Miss Moneypenny

Board & Train

Private board & train stays are able to take advantage of one (1) $50.00 in-your-home follow up session ($25.00 savings off regular priced in-home, 60 minutes). You are able to redeem one follow up session at the discounted rate per private board & train stay your dog books. This will allow you to review skills from the private board & train and address any questions and work the dog on the skills completed.

***If you do not end up doing a follow up session in your home it may be a good idea for you to video some of the skills you work on and send to me so I can see your timing, dog's behavior etc. It is easiest for me to see what is happening so I can see the dog's posture. It would also be great to get a video of the dog/cat interaction beginning with well before the interaction begins, to how it is broken up.

  • Leash pulling
  • Recall inside/redirection from the cat
  • Focus
  • Basic obedience

Assignment:

  • work sits and downs for duration
  • think about the cat plan (last paragraph in observations)
  • be consistent loose leash walking to stop the pulling
  • be generous in your recall and give rewards where rewards are due. even if you do not have food on your body, job with her over to the treat container so she starts learning you have access to food and will reward for good behavior
  • work on luring into heel and practicing sits and downs in heel position

Observations:

MP is a dog who is generally always "on." Her energy level is very high. It is important in daily life, and when working with her (training sessions) to keep your energy levels more balanced or lower. If we work at too high of a level her behaviors will become even more frantic as she is still learning self control. Some dogs who are shy, or less ambitious, it takes the human to try to excite the dog to get it to want to work. This is not the case for her. She is also very sensitive as well, so in new environments she may be less comfortable (exhibiting less of an "on" behavior) and we would need to let her check things out so she knows that she is safe and all is OK before starting a training session. 

This is both good and bad to have a dog that wants to work as much as she does. Sometimes the dog is smarter than the human. She also wants the food motivator so bad she guesses so quickly on a behavior even if it has nothing to do with what we are training or asking. This is OK. When teaching a behavior, however, timing needs to be correct, or she will become frustrated and confused. She needs clear communication. It would be a wise idea to think about what you are setting a training session aside for, and make sure to stick to that criteria. I would keep sessions very short, and work more sessions throughout the day since she can handle the workload.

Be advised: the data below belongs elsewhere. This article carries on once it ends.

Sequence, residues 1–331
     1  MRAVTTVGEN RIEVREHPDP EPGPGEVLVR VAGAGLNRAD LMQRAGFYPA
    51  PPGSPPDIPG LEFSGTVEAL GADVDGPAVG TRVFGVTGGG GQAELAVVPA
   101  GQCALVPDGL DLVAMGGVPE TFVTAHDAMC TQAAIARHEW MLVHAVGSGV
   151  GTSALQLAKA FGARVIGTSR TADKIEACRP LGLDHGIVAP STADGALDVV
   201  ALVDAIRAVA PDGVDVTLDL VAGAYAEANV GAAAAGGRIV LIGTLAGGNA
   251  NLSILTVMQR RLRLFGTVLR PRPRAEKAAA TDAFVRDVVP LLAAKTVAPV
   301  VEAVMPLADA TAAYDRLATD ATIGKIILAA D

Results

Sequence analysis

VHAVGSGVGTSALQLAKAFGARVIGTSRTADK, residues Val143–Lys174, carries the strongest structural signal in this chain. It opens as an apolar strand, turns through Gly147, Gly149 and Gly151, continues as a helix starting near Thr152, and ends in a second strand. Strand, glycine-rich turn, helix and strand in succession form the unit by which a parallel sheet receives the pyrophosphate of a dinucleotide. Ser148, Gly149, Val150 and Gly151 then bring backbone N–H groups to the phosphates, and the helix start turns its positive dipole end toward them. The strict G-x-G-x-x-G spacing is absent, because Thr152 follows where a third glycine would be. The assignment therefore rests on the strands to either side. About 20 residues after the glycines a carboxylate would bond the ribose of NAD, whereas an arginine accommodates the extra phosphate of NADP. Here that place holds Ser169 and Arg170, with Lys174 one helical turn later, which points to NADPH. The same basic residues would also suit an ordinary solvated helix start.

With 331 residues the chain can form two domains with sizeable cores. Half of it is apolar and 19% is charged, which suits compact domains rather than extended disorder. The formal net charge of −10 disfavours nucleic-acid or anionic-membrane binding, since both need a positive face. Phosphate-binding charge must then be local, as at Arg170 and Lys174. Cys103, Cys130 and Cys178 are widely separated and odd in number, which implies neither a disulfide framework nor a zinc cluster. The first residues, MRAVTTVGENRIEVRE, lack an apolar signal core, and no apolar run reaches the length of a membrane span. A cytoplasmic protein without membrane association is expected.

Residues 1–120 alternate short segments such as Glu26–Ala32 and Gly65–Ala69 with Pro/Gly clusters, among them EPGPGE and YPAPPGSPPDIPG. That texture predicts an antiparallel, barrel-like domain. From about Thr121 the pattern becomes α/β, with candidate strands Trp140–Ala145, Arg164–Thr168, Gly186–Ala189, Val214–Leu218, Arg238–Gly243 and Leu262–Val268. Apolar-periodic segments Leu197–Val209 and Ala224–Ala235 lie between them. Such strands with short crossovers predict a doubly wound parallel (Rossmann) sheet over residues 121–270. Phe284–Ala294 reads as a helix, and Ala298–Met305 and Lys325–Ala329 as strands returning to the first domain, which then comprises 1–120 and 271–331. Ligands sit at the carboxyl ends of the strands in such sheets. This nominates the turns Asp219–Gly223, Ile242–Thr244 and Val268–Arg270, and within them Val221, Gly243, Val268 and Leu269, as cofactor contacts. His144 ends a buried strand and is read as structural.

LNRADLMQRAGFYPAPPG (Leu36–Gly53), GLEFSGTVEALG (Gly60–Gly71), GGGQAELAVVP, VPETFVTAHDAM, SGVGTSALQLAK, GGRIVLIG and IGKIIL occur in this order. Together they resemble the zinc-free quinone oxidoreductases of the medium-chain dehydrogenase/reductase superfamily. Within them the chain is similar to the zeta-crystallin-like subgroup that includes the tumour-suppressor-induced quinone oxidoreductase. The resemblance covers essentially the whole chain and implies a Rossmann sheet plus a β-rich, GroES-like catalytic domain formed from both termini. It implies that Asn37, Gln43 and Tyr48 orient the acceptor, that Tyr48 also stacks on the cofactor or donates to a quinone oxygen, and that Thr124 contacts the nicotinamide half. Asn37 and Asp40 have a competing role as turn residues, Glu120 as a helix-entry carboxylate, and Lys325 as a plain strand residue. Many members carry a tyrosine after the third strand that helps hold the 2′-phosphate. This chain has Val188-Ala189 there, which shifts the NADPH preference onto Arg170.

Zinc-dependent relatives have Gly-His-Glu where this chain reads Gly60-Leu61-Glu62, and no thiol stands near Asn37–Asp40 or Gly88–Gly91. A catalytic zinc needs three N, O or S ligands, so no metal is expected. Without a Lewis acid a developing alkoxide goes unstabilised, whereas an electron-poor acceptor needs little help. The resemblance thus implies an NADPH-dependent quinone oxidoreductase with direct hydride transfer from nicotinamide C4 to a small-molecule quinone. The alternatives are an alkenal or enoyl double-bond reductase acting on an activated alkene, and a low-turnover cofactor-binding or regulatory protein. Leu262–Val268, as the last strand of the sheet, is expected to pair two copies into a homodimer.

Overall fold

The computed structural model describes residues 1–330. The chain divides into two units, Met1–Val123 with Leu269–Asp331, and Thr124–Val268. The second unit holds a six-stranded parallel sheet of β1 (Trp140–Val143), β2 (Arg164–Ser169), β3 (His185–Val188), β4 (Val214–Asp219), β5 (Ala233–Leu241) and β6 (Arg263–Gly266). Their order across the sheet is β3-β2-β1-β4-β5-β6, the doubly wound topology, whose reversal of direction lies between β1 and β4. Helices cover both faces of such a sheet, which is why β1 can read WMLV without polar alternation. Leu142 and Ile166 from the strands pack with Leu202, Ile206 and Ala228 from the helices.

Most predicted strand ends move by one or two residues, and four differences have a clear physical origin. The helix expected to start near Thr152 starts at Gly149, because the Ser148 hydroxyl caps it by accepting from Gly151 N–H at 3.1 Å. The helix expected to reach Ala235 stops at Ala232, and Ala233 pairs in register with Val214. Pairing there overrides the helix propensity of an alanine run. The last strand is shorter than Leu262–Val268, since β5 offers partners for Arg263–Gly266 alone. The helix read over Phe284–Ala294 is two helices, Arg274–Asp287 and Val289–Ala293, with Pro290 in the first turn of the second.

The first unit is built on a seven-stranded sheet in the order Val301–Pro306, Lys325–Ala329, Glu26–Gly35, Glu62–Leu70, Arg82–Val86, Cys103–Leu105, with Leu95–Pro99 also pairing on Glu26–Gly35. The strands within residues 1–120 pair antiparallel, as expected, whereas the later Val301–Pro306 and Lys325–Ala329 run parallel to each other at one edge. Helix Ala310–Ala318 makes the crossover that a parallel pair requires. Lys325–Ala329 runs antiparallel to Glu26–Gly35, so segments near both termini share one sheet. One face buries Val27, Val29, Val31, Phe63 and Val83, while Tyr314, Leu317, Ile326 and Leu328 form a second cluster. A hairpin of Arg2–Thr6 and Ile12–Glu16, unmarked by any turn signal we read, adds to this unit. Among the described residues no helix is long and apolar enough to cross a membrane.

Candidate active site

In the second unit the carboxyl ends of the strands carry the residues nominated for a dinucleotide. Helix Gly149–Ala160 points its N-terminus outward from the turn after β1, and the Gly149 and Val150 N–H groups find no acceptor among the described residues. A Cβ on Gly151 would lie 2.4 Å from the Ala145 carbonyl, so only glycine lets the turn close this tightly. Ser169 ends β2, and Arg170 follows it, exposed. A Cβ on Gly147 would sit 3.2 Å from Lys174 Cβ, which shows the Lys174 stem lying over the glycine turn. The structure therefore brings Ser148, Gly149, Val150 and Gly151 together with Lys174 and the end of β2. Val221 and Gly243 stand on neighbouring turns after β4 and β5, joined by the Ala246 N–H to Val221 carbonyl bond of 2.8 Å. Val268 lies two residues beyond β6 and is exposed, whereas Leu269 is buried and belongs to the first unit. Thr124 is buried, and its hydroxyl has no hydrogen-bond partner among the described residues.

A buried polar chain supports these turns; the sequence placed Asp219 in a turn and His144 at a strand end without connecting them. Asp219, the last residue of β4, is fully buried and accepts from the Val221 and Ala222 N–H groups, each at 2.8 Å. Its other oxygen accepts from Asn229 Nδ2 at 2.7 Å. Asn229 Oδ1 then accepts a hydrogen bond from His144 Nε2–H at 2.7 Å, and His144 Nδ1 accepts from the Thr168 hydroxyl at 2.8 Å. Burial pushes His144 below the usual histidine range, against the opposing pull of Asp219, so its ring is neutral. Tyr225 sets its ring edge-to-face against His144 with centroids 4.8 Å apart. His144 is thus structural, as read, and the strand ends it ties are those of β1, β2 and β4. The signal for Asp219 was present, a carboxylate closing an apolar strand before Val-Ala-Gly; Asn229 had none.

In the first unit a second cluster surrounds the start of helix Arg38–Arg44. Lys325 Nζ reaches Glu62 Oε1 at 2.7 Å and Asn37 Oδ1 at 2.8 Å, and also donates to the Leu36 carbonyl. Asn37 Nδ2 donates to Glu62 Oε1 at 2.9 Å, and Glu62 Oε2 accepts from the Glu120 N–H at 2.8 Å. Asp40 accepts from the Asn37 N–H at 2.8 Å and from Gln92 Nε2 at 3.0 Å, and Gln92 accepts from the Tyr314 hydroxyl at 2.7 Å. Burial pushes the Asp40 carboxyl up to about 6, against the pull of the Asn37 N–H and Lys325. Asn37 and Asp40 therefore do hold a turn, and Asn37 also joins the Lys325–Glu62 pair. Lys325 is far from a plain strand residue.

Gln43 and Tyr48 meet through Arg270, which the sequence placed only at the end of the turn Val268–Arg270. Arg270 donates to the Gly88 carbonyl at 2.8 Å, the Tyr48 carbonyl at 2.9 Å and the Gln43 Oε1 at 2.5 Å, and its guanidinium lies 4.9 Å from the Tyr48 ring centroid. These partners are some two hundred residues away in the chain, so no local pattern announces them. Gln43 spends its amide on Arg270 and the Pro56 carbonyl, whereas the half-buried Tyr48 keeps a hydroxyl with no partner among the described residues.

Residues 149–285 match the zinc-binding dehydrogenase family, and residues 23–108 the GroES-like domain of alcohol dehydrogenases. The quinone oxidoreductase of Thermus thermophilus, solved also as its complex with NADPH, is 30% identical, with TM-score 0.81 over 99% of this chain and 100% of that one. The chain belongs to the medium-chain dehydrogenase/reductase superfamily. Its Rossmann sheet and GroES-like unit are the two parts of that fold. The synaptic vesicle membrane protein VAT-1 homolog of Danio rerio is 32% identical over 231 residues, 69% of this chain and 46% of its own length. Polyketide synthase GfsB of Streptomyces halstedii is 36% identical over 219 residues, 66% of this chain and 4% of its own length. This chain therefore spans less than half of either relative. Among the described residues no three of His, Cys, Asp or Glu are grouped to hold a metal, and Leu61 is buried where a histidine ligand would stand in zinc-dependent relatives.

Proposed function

While she has a great sit and a great down, she does not have the behaviors for duration since it is hard for her to sit still. Just working the basics (a sit or a down) and reinforcing multiple times before releasing her will start to build the duration she stays down for or sits for. When she becomes too frantic (she acts like she always wants to be chased), I simply redirect her to her crate to calm down. She is perfectly crate trained, and sometimes a small break can go a long way. 

While I have never seeing her in action with the cat, it would be my guess if you can A) redirect to her crate as soon as she starts stalking the cat B) keep separated so you are not continuously reinforcing this behavior until she can show self control C) call her off from the cat if her recall is strong enough ...generously reward every single time D) have her stay in her bed or be in a relaxing state where she does not feel the need to go after the cat ....rewarding for staying in her bed or keeping position. This will mean she is less impulsive and it is more rewarding than going after the cat. Each option needs t be built so she WANTS to do it. 

i am keeping the session fairly silent as i do not want the tone in my voice to influence her behaviors. 

:08 working on luring in to heel but she does not like to be real close to legs (probably because she is not wanting to be stepped on and it has happened before)

:17 she defaults to down while i am trying to lure her. i do not correct at all, I just keep going. it will be up to her to start telling the difference as to what drill we are doing. 

:28 i shift myself (normally i do not do this) but i just want her to be less sensitive of taking food next to my knee

:40 i am trying to turn my hand to force her to shift her weight to become parallel to me so i can brain storm the best way for her to get into heel. right now i would just work on feeding her close to your knee.